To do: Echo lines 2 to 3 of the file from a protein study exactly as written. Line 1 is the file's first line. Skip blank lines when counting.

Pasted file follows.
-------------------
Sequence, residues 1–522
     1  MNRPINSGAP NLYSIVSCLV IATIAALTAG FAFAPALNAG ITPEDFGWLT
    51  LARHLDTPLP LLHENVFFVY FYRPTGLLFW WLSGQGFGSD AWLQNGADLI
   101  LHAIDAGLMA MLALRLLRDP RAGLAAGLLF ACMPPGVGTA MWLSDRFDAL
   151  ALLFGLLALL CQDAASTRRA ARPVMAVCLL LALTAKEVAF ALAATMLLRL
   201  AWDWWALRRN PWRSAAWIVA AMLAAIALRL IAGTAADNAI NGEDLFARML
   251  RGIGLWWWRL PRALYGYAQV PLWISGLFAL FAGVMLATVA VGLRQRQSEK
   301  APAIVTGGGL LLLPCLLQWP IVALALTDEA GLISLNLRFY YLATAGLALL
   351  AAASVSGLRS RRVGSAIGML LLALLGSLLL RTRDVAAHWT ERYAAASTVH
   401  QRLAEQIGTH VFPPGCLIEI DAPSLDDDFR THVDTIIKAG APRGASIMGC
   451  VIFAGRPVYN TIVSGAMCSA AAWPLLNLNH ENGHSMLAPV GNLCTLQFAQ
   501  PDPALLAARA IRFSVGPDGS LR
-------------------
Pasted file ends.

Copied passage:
     1  MNRPINSGAP NLYSIVSCLV IATIAALTAG FAFAPALNAG ITPEDFGWLT
    51  LARHLDTPLP LLHENVFFVY FYRPTGLLFW WLSGQGFGSD AWLQNGADLI